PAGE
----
11 Understanding the Standard SOL 5.3 The intent of this standard is that students will learn all media messages are constructed and that to understand the whole meaning of the message they can deconstruct it, looking at the following attributes:The intent of this standard is that students will learn all media messages are constructed and that to understand the whole meaning of the message they can deconstruct it, looking at the following attributes: Authorship (Who constructed the message?)Authorship (Who constructed the message?) Format (This is not just the medium being used but also how the creators used specific elements for effect, i.e., color, sound, emphasis on certain words, amateur video, children’s voices.) Format (This is not just the medium being used but also how the creators used specific elements for effect, i.e., color, sound, emphasis on certain words, amateur video, children’s voices.) Audience (Who is the person or persons meant to receive the message? How will different people interpret the message?)Audience (Who is the person or persons meant to receive the message? How will different people interpret the message?) Content (This is not just the visible content but the embedded content as well which includes underlying assumptions of values or points of view; facts and opinions may be intermixed.)Content (This is not just the visible content but the embedded content as well which includes underlying assumptions of values or points of view; facts and opinions may be intermixed.) Purpose (Why is the message being sent—is it meant to persuade, inform, entertain, sell, or a combination of these?)Purpose (Why is the message being sent—is it meant to persuade, inform, entertain, sell, or a combination of these?) The intent of this standard is that students will learn all media messages are constructed and that to understand the whole meaning of the message they can deconstruct it, looking at the following attributes:The intent of this standard is that students will learn all media messages are constructed and that to understand the whole meaning of the message they can deconstruct it, looking at the following attributes: Authorship (Who constructed the message?)Authorship (Who constructed the message?) Format (This is not just the medium being used but also how the creators used specific elements for effect, i.e., color, sound, emphasis on certain words, amateur video, children’s voices.) Format (This is not just the medium being used but also how the creators used specific elements for effect, i.e., color, sound, emphasis on certain words, amateur video, children’s voices.) Audience (Who is the person or persons meant to receive the message? How will different people interpret the message?)Audience (Who is the person or persons meant to receive the message? How will different people interpret the message?) Content (This is not just the visible content but the embedded content as well which includes underlying assumptions of values or points of view; facts and opinions may be intermixed.)Content (This is not just the visible content but the embedded content as well which includes underlying assumptions of values or points of view; facts and opinions may be intermixed.) Purpose (Why is the message being sent—is it meant to persuade, inform, entertain, sell, or a combination of these?)Purpose (Why is the message being sent—is it meant to persuade, inform, entertain, sell, or a combination of these?)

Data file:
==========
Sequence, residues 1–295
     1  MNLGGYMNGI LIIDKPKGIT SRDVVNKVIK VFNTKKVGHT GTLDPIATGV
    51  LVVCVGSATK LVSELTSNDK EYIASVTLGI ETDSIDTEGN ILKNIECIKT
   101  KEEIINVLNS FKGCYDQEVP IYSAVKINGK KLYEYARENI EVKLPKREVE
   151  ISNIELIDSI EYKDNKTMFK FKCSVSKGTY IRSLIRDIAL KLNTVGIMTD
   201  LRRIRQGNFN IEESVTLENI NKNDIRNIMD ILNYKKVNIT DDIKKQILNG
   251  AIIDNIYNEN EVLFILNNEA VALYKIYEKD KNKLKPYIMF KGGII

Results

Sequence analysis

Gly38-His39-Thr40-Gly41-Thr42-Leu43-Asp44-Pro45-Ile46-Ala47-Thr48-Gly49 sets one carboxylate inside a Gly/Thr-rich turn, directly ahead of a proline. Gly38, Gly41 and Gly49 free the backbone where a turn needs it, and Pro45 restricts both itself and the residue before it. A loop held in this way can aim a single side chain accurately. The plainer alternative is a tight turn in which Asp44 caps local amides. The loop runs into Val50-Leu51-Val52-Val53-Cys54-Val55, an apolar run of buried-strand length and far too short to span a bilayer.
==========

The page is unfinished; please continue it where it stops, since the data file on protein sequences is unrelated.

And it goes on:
12 Understanding the Standard SOL 6.3 The intent of this standard is that students will be able to identify elements of media literacy recognizing that elements of media literacy are based on audience and purpose. They will also learn all media messages are constructed and that to understand the whole meaning of the message they can deconstruct it, looking at the following attributes:The intent of this standard is that students will be able to identify elements of media literacy recognizing that elements of media literacy are based on audience and purpose. They will also learn all media messages are constructed and that to understand the whole meaning of the message they can deconstruct it, looking at the following attributes: Authorship (Who constructed the message?)Authorship (Who constructed the message?) Format (This is not just the medium being used but also how the creators used specific elements for effect, i.e., color, sound, emphasis on certain words, amateur video, kids’ voices.)Format (This is not just the medium being used but also how the creators used specific elements for effect, i.e., color, sound, emphasis on certain words, amateur video, kids’ voices.) Audience (Who is the person or persons meant to see the message? How will different people see the message?)Audience (Who is the person or persons meant to see the message? How will different people see the message?) Content (This is not just the visible content but the embedded content as well which includes underlying assumptions of values or points of view; facts and opinions may be intermixed.)Content (This is not just the visible content but the embedded content as well which includes underlying assumptions of values or points of view; facts and opinions may be intermixed.) Purpose (Why is the message being sent—is it meant to persuade, inform, entertain, sell, or a combination of these?)Purpose (Why is the message being sent—is it meant to persuade, inform, entertain, sell, or a combination of these?) The intent of this standard is that students will be able to identify elements of media literacy recognizing that elements of media literacy are based on audience and purpose. They will also learn all media messages are constructed and that to understand the whole meaning of the message they can deconstruct it, looking at the following attributes:The intent of this standard is that students will be able to identify elements of media literacy recognizing that elements of media literacy are based on audience and purpose. They will also learn all media messages are constructed and that to understand the whole meaning of the message they can deconstruct it, looking at the following attributes: Authorship (Who constructed the message?)Authorship (Who constructed the message?) Format (This is not just the medium being used but also how the creators used specific elements for effect, i.e., color, sound, emphasis on certain words, amateur video, kids’ voices.)Format (This is not just the medium being used but also how the creators used specific elements for effect, i.e., color, sound, emphasis on certain words, amateur video, kids’ voices.) Audience (Who is the person or persons meant to see the message? How will different people see the message?)Audience (Who is the person or persons meant to see the message? How will different people see the message?) Content (This is not just the visible content but the embedded content as well which includes underlying assumptions of values or points of view; facts and opinions may be intermixed.)Content (This is not just the visible content but the embedded content as well which includes underlying assumptions of values or points of view; facts and opinions may be intermixed.) Purpose (Why is the message being sent—is it meant to persuade, inform, entertain, sell, or a combination of these?)Purpose (Why is the message being sent—is it meant to persuade, inform, entertain, sell, or a combination of these?)